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How Drones Are the Future of AV

How Drones Are the Future of AV
  • SCN Editor-at-large Kirsten Nelson moderates the Drones: The Next Wave of Innovation in the Sky! panel on April 23.
  • Drones: They’re so hot right now.

It seems like every week we’re hearing about new uses (and misuses) for drones. Wedding photographers are hooking up cameras to drones to take photos from above; videographers are shooting B-Roll; police are using drones to survey areas where helicopters can’t go; and it’s about time the AV world started getting its hands on drones too.

Of course, using drones for AV is easier said than done. To help understand exactly what you need to do to offer drone services, SCN held a panel discussion on April 23, titled 'Drones: The Next Wave of Innovation in the Sky!, which highlighted the rules and regulations for using drones, and how AV professionals can get involved. Panelists included: Lisa Ellman, co-chair, Unmanned Aircraft Systems (UAS) Practice Group; Eric Jameson, Drone VAR CTO; TJ Diaz, president and CEO, XFLY Systems Inc.; Kevin Kelly, president and COO, Stampede; and Fred Bivetto, Dean, School of Unmanned Technology, Unmanned Vehicle University. SCN Editor-at-Large Kirsten Nelson moderated the panel.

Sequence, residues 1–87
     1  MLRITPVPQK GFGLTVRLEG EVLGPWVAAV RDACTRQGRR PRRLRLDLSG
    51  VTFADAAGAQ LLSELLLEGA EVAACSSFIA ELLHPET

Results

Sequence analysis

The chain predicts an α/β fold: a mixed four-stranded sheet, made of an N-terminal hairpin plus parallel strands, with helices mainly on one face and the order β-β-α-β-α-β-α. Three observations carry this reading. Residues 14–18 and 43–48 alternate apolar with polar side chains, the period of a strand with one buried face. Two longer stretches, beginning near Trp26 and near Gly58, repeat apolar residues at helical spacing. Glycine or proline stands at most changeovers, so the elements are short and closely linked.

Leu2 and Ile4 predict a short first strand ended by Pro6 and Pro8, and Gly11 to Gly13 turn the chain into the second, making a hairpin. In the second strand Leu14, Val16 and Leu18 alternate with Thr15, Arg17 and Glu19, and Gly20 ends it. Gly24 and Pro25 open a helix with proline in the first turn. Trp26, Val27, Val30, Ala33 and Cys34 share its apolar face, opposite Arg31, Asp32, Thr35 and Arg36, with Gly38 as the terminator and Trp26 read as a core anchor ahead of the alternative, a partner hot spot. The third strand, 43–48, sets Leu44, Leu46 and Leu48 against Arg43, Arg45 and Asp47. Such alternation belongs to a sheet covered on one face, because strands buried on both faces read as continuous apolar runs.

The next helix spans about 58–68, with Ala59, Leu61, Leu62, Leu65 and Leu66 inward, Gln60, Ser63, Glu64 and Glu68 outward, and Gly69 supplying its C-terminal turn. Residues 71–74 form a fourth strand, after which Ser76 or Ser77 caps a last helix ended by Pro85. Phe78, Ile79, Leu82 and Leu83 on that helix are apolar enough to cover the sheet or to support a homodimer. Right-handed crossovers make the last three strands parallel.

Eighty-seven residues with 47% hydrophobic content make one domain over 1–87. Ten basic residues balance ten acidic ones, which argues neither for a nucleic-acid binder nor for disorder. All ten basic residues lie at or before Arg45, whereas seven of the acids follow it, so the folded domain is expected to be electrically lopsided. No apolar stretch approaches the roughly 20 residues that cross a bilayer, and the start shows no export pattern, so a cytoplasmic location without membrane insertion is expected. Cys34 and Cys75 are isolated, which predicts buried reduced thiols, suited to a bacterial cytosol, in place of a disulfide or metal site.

Probably the biggest piece of information to take away from the panel discussion was the importance of using drones legally—as Ellman pointed out, it’s currently illegal to use drones for commercial use, however the government is working on legislation that would allow companies to use drones for that purpose, but to get there could take a year or more. However, the 333 exemption would allow companies to use drones if they can meet the specific criteria set up by the U.S. government.

“A drone is still considered an aircraft by the federal government,” Ellman explained, saying that to get the exemption, you need to prove how, for example, the drone can still meet the safety requirements for a manned aircraft in a way that is logical.

“There’s always two things we can do to satisfy the current legislation,” added Bivetto. “It’s both technical and practical.”

One big requirement for current drone use is to fly the aircraft 500 feet away from people at all times. Bivetto said that to meet this, you can install special sensors to the drone, just as a second precaution.

The UAS is also working to change the requirement on pilots for drones—currently, it is still required to have a licensed private pilot, but soon you can take a course through the UAS to become licensed to fly unmanned vehicles.

Kelly said that for now, AV professionals looking to add drones to their services can start at the hobby level, and eventually grow into the commercial uses as the laws change.

Stampede, the University of Unmanned Vehicles, and InfoComm are also teaming up this year to bring the new Drone Pavilion to the 2015 InfoComm Show (June 15-19, 2015, in Orlando, FL) so you’ll have another chance to explore drone uses in AV and learn more about how to apply drones to your company.